Solar Panels can be damaged by a heavy hailstorm, but it is not statistically probable. Manufacturers use quality tests that simulate the impact of hailstones to PV modules in order to ensure that solar panels will be able to resist hailstorms.
In order to approach this topic properly, let’s take a look at the procedure for these tests. This will give you a reference of the kind of hailstorms that solar panels are designed to endure, and it will tell you a very impressive story that occurred in one of the facilities of the National Renewable Energy Laboratory. But first, let’s see some of the locations in the US where you should be most careful with hailstorms.
Hailstorms – A Costly Environmental Phenomenon
Hailstorms are one the most unpleasant weather conditions in nature. Large ice blocks that fall from the sky causing damage to cars, windows, roofs and more. Hailstorms can damage property, but they also can injure or even kill people if the size of the block is too big. Therefore, they are a pressing matter and problem — especially in some regions of the US.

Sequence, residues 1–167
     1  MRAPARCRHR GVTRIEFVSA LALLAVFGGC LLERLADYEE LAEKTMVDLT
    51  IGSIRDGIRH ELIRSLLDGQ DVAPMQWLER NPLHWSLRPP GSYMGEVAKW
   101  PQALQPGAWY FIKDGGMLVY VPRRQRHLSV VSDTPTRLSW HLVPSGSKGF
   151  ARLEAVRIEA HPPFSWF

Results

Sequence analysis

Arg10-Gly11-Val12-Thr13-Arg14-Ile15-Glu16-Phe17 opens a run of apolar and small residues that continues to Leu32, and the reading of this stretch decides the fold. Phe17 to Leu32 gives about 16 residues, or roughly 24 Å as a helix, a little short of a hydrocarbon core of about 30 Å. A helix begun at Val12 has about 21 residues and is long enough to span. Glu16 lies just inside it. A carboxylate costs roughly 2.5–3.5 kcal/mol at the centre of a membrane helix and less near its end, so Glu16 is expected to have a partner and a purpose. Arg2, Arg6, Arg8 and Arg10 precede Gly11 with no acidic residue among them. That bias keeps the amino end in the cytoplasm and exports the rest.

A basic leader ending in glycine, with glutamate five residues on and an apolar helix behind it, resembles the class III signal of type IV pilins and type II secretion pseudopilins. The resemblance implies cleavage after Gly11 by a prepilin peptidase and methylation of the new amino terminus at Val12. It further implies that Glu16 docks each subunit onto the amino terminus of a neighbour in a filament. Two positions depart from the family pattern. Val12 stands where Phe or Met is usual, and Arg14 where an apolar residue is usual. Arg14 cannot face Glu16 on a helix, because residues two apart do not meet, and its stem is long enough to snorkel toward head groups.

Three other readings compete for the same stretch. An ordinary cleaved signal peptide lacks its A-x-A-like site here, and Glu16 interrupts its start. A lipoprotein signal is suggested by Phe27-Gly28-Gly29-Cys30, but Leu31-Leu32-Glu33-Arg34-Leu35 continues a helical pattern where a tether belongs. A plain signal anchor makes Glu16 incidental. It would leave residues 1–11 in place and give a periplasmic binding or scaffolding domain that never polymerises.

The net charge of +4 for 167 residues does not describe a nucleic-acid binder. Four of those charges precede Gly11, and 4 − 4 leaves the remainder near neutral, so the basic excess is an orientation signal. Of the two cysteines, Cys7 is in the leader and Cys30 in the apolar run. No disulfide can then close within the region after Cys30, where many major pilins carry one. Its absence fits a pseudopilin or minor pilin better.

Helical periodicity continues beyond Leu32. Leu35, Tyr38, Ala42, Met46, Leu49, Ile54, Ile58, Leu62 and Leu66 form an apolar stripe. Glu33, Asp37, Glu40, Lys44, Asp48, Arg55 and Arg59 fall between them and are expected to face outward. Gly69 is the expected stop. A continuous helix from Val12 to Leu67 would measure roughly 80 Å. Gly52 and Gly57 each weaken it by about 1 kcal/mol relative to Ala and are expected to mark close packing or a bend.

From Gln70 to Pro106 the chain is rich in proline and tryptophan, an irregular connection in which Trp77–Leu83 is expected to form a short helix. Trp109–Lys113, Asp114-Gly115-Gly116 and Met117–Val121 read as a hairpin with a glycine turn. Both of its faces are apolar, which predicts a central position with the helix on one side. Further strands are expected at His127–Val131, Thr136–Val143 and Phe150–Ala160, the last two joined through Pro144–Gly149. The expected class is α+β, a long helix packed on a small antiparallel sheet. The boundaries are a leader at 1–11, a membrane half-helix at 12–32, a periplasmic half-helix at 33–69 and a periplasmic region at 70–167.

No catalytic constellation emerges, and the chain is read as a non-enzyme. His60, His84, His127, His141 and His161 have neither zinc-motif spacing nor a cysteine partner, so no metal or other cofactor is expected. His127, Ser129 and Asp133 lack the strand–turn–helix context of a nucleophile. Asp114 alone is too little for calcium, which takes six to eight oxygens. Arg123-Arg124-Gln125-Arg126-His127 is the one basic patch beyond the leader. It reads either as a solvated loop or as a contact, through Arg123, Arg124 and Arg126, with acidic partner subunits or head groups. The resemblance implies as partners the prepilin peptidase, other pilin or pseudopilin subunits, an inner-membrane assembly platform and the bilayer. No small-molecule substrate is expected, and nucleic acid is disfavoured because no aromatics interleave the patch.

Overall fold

Historical cities for hailstorms inside the U.S. are Denver, Dallas, Minneapolis, St. Louis, San Antonio, Oklahoma City, and Phoenix. This phenomenon can be predicted, and is important to pay attention to weather forecasts especially if you are located in the cities mentioned above. To check hailstorm forecasts across the US, you can go to hail.org.
The most costly hailstorm in US history fell in Phoenix, Arizona back in 2010, when up to baseball-size ice-blocks fell off the sky leading to almost $2.8 billion losses attributed to damages. San Antonio also had a bad time in 2016 with hailstones of grapefruits size that cost around 1.4 billion dollars. And recently in 2017, Minneapolis had a really bad week with a consistent storm with heavy hail that fell in the Metropolitan region costing up to $2.5 billion.
As you can see, hailstorms can be costly, and the solar panels located in these regions are exposed to falling hailstones that could strike upon them and break them, right?
Quality Tests on Solar Panels
Since outdoor conditions for solar panels can be harsh, solar panel manufacturers must submit their modules to quality tests that ensure solar panels perform well over a 25-year period, even at harsh environmental conditions.
According to the jurisdiction and test center, several or different tests may be applied. However, in the US, the general references on this topic are the IEC 61215 and 61730 Standards, which specify the design qualification standards for module durability.